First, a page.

The Joint Expedition to Ur

Originally Published in 1933

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THE most important single object found at Ur during the season now closed is a considerable fragment [Plate V] of the Stela of Ur-Nammu, the founder of the Third Dynasty of Ur who largely remodelled the Ziggurat in the form in which we know it. Unquestionably the outstanding monument so far found at Ur, the Stela of Ur-Nammu records the achievements of this great Sumerian king. The various scenes depicted on it have been described before (Museum Journal, March 1927) and the stela itself, with the various fragments assembled as accurately as may be, has for some time been on display in the Museum. It is our good fortune to be awarded the recently found fragment, which upon its arrival here will be fitted into the reconstructed whole. This fragment seems to belong either to the bottom or to the middle register of the reverse face. It depicts the king (whose head and one arm are preserved) coming before a god, a seated figure on a raised base (only the feet, part of the skirt, and part of the base remaining), while between them are two priests, one of whom has a fly whisk and the other a folded cloth.

Fragment of a stela showing wrestlers
Plate V — Fragment of the Stela of Ur-Nammu, from Ur, Iraq
Museum Object Number: B16676.29

Towards the end of the season a deep pit was excavated close to the royal tombs. Here were found first a dozen inscribed tablets and numerous fragments, and over a hundred seal-impressions. The tablets, of archaic period, are most valuable for the study of the development of cuneiform script, while the seal-impressions are of many varieties. At a lower level in the pit over a hundred and thirty graves were found, many of them belonging to the Jemdet Nasr period-so-called after a site near Kish in Mesopotamia-and others with pottery of somewhat later date. The sequence is much more interesting than an unmixed Jemdet Nasr period cemetery would be, and the finding of some twenty skulls sufficiently preserved for study will add considerably to the material of the period available for anthropological research. Notable among the various objects found in the graves was the large number of stone vessels; for the most part these were plain, but one small white limestone cup was decorated with a row of lions and bulls carved in relief, the first example of this genre that we can date, and date fairly accurately, to an early period.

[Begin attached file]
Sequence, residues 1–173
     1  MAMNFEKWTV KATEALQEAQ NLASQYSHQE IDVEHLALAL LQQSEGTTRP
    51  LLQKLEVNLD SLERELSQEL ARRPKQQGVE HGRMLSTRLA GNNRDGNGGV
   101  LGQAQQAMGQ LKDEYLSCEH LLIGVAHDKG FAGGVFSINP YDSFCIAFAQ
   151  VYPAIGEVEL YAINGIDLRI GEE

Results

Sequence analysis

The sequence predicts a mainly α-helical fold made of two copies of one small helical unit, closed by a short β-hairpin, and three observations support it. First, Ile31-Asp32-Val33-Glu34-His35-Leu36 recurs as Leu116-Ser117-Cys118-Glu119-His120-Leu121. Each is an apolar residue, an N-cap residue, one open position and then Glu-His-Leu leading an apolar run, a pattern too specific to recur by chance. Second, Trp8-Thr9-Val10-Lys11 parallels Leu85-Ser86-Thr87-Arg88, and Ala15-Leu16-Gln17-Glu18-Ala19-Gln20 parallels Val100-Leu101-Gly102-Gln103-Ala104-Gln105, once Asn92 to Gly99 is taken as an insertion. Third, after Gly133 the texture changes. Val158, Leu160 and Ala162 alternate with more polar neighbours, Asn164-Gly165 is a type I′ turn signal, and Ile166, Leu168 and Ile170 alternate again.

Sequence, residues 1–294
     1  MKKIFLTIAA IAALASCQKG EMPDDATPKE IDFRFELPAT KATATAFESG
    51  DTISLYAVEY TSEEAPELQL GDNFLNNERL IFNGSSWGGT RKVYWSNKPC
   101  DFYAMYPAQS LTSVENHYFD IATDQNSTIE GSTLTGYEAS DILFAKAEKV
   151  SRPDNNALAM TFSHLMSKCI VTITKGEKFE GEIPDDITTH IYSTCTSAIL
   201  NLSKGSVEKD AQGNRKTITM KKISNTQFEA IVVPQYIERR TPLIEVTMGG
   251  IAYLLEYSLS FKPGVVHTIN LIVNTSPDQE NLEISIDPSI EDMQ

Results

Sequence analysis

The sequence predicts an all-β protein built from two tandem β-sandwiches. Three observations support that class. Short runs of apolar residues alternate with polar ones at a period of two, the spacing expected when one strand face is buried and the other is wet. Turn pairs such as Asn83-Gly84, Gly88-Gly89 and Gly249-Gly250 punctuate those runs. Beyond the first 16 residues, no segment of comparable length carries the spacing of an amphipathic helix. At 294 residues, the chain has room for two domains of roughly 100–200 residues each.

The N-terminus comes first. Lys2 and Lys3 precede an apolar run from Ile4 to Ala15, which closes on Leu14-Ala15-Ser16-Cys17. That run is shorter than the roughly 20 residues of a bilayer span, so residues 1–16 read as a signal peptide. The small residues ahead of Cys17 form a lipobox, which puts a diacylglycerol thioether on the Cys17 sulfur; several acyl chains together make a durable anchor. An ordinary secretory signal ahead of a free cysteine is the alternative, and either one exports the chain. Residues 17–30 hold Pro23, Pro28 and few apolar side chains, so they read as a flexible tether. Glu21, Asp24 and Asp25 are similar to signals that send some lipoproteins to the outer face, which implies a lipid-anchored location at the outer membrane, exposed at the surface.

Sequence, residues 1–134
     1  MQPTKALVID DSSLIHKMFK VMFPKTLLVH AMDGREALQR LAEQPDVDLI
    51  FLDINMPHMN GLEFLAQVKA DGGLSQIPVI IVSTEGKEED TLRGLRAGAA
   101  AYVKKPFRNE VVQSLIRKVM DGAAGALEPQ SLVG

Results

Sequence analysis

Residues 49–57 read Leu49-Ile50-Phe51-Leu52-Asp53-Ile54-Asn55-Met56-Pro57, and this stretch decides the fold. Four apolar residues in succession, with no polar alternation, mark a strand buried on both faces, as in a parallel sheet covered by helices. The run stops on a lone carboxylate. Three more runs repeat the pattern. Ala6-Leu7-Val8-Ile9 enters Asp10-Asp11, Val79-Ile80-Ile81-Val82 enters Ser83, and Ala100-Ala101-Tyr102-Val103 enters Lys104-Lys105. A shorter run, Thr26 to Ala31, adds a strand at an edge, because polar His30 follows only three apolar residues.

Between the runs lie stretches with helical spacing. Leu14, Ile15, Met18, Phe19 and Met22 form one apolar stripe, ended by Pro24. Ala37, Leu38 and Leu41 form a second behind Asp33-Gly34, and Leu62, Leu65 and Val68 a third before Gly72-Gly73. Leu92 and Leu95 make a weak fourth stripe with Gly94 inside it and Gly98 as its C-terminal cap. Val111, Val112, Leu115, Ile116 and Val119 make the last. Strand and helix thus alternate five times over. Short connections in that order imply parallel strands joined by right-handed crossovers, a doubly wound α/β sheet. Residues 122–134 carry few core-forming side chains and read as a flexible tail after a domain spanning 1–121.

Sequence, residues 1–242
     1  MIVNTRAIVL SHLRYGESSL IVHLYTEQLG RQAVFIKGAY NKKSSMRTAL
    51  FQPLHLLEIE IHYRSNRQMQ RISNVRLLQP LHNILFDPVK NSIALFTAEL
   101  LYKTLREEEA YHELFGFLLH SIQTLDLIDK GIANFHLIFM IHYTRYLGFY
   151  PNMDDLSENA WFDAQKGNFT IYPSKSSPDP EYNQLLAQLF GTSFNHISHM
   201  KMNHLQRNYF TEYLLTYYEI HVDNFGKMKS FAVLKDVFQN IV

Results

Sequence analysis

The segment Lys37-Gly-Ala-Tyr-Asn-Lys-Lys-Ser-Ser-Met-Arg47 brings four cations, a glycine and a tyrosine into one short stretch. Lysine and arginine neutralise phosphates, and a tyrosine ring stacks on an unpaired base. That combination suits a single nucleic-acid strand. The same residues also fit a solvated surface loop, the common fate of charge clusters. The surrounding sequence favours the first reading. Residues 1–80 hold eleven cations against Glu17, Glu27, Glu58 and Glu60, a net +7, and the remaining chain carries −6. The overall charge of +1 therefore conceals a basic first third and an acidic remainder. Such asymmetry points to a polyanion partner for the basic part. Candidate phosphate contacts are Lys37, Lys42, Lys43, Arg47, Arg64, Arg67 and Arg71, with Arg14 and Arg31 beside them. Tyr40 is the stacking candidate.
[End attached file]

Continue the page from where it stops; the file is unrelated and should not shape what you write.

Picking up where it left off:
Cite This Article

"The Joint Expedition to Ur." Museum Bulletin IV, no. 4 (June, 1933): 99-102. Accessed July 15, 2024.

This digitized article is presented here as a historical reference and may not reflect the current views of the Penn Museum.

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